In 1995, Harper Lee wrote the foreword to a 35th anniversary edition of To Kill a Mockingbird. “I am still alive”, she wrote. “Although very quiet.”
She isn’t quiet now. On Tuesday, Lee’s second novel Go Set a Watchman, will be published, more than half a century after her first. To call it scorchingly anticipated is to undersell it a bit; only an unearthed sequel to the Bible or Harry Potter: the University Years could provoke the same feverish excitement, scandal and over-the-top security measures at bookstores.
Second novel is a misnomer. Lee describes the work as the “parent” to To Kill a Mockingbird: although it picks up the key characters Scout and Atticus Finch 20 years on, it was written before she attempted the classic. Either way it is something new(ish) from a writer who looked like she would never publish another word, based on characters the world already knows and loves. Her publishers must be in heaven.
Go Set a Watchman is already No 1 on Amazon – the most pre-ordered novel since the last Harry Potter. Its initial print run in America is two million. Copies are being air-couriered to Azerbaijan, printed in Australia, shrink-wrapped and locked in safes all over the world lest anyone sneaks a look before the big day. In an age where bookshelves are ruled by bondage, boy wizards and Dan Brown, it is heartening to see a literary novel get some hype for once.
It is just hype, though. Apart from the first chapter, published yesterday online, no-one knows if the book is any good. That didn’t stop the extract triggering a run of live blogs, insta-reviews, interviews and souvenir specials. A new edition of Mockingbird is on the shelves. On Tuesday, bookshops will hold midnight readathons and “Tequila Mockingbird” parties. Lee’s hometown, Monroeville, Alabama, will be over-run by camera crews and fans on walking tours. Not bad for a first novel that Lee kept locked away for almost 60 years and has described damply as “a pretty decent effort.”
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What Lee – aged 89, almost blind and quite deaf after a stroke in 2007 – makes of all this fuss is not known. She has been in an assisted living facility in Monroeville for eight years, and barely seen in public for 50. In 2006, she wrote a letter to Oprah Winfrey decrying the march of technology. “I still plod along with books. Instant information is not for me. I prefer to search library stacks because when I work to learn something, I remember it.”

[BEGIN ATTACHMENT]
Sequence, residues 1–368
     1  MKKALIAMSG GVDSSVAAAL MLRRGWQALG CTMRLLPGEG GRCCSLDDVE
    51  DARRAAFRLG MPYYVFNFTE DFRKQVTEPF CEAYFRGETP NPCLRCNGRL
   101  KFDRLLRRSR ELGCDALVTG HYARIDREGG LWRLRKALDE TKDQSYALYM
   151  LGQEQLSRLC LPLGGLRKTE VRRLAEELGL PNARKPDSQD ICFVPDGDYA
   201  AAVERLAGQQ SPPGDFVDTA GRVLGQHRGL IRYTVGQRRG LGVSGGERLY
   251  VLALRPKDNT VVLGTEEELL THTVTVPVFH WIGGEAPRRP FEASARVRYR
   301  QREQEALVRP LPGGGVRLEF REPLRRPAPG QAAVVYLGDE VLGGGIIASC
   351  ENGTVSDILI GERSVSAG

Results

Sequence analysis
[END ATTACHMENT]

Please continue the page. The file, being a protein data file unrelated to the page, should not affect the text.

We will probably never hear how she feels about seeing 3,600 of her early, hard-wrought words – held private for so long – spread instantly around the globe, speed-read and speed-judged online, but she is unlikely to relish the experience. She once said the success of Mockingbird was “like being hit over the head and knocked cold.” That was before Twitter.
Last week, in what is arguably even more of an event than the novel, Lee attended a lunch held in her honour by her publishers. There’s a picture of her, spruce in a checked jacket and sitting in a wheelchair, looking at the book for the first time. She even answered a journalist’s question, something she has refused to do since the mid-60s. So Go Set a Watchman has already torn two holes in the fine cobweb of Lee’s mystique. She is no longer a one-novel wonder. And she is no longer a recluse (if it was ever right to label her thus).
Amid the excitement there is disquiet that Lee has been steamrollered into publishing her juvenilia. The New York Times claimed the work was rediscovered in 2011, then buried at Lee’s behest by her then lawyer and sister, Alice (who died last year). Lee’s new lawyer, Tonja B Carter claims to have discovered it last August. Asked if she wanted it published, Lee told a reporter: “Of course I did. Don’t be silly.” And that is probably all she will ever say.
Should it have stayed in the safe? Perhaps. Unpublished novels are usually unpublished for a reason. If it turns out to be a poorer novel than To Kill a Mockingbird – and given that it is, essentially, its first draft, it seems likely – then so be it. Lee’s reputation will be a touch tarnished, readers’ fantasies of a reclusive one-hit wonder a touch dulled. That does not, nor should not, diminish one of the great works of 20th-century literature.”Reuse content